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Developing an enteral feeding skills station

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VOL: 97, ISSUE: 16, PAGE NO: 52

Rebecca George, BSc, RGN, is nutrition support nurse, Torbay Hospital, Devon

Both administration of medication and aseptic technique are taught and assessed as defined skills (Shaw, 1994). However, enteral tube-feeding skills are predominantly acquired according to the 'see one, do one, teach one' ethos and so do not always share the same clinical importance.

Both administration of medication and aseptic technique are taught and assessed as defined skills (Shaw, 1994). However, enteral tube-feeding skills are predominantly acquired according to the 'see one, do one, teach one' ethos and so do not always share the same clinical importance.

Despite the availability of local and national guidelines (Colagiovanni, 1999; Burnham, 2000) a need for greater understanding of placement techniques and devices, accessible to everyone needing to develop enteral feeding skills, was evident in our trust.

The nutrition support team monitors and provides enteral and parenteral nutrition support trustwide. I am involved in raising awareness of malnutrition, and a major component of my practice involves the education of health care professionals, patients and carers.

I applied for an educational grant to develop a clinical skills station for enteral feeding and to purchase a training mannequin for the insertion and care of nasogastric and gastrostomy tubes.

Project development
We are based in a resource room in the endoscopy department of the hospital, which has given us the perfect place to set the station up, along with a video recorder, internet access and audiovisual links to the endoscopy rooms to allow endoscopic tube placement to be watched. Our skills station is a trolley (pictured above) complete with training videos, information and current research material. Each drawer contains practice kits for the various routes of nutrition, along with laminated problem-solving cards.

A member of the nutrition team takes responsibility for updating and modifying the station frequently in the light of new research or changing skill needs.

The benefit for health care professionals
The skills station was designed to promote a learning environment in which it is safe for all individuals to practise skills and also provides a range of support information and research material. In addition it offers an opportunity to improve and review individual techniques. It is flexible enough to use for one-to-one sessions or for individuals to visit the station and work through procedures alone, for reading and self-instruction, experiential learning and for tutorials, thereby encompassing a range of teaching approaches suitable to various individual learning styles.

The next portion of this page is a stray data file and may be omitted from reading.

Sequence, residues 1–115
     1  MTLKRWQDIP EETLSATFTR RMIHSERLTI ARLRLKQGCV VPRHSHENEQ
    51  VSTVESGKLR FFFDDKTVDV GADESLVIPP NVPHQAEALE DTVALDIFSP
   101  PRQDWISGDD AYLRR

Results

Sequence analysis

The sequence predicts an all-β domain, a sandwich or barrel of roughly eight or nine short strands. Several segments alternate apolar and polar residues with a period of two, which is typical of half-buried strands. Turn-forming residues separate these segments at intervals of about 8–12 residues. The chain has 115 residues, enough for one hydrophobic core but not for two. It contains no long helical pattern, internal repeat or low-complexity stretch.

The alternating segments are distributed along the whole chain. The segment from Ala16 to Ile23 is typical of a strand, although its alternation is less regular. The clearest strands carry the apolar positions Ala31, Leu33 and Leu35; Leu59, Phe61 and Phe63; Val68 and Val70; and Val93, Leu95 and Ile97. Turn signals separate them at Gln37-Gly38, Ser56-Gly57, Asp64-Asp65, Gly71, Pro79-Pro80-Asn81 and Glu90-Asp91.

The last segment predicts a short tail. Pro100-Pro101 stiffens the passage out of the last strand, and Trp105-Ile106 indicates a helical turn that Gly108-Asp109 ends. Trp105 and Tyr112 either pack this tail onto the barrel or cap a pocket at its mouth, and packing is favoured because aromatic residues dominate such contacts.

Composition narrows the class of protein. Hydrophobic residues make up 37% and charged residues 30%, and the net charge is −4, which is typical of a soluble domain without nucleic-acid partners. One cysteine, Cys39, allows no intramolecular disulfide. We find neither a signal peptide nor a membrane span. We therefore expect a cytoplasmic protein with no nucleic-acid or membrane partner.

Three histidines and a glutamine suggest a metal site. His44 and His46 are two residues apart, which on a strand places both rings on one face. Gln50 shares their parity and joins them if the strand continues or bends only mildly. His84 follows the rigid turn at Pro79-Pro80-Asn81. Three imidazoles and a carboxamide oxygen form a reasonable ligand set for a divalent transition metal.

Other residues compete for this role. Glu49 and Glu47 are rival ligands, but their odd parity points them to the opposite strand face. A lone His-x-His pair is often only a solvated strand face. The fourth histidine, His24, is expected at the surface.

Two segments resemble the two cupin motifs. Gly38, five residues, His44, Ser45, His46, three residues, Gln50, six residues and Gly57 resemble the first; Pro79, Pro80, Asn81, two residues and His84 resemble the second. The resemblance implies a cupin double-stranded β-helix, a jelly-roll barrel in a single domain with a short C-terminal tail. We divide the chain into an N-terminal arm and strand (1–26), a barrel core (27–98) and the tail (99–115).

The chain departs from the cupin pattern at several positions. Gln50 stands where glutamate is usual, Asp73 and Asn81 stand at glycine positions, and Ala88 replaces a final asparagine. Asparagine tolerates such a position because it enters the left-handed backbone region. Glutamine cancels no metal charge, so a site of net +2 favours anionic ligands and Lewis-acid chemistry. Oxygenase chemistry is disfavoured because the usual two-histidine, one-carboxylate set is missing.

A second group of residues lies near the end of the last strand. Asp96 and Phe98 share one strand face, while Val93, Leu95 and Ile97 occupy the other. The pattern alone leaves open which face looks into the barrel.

We anticipate that the skills station will reduce training costs and staff time away from the clinical area, as the station can be made available for ward-based sessions as required. It can be easily transported from one clinical area to another and be available trustwide for pre-and post-registration students on the various university courses linked with the trust.

As a nurse-led team we run outpatient clinics and provide home visits, and we look forward to being able to give greater support in the community. This can be achieved by offering training in community hospitals and medical centres and to nurses working in residential and nursing homes.

The benefit for patients and carers
Malnutrition complicates many adult and childhood diseases. Increasingly patients are being discharged into the community from hospital requiring ongoing nutritional support. For home enteral nutrition to be safe, families and carers need appropriate education and the skills to manage tubes, thereby gaining a greater sense of control. Current training with modified dolls means that passing tubes is difficult, unrealistic and anatomically incorrect.

The mannequin training model was developed and studied by the nutrition team at the Princess of Wales Children's Hospital in Birmingham. Their results showed that the model made patients and carers feel more in control and gave confidence and insight into tube displacement and misplacement (Sexton and Holden, 2000).

The skills station offers patients and carers a stressfree environment where they can practise skills as much as they need to. There is plenty of time for questions and discussion to help allay fears as well as offer support to develop practical skills.

Conclusion
As yet a functional anatomically correct mannequin model is still in the manufacturing process, but when it is available it will provide a valuable addition to the skills station. Despite a lack of knowledge in enteral feeding practices, nurses are expected to educate each other, patients, carers and community nurses into whose care the patient is discharged. We aim to provide support to enable them to do this safely and effectively, and the skills station provides flexibility in learning opportunities and accessibility to all.

In the future we hope to develop a skills package whereby competency at placement and replacement of enteral feeding tubes can be formally assessed. In the meantime, we keep a record of every visitor to the skills station and complete an evaluation form that will later be used for audit purposes.

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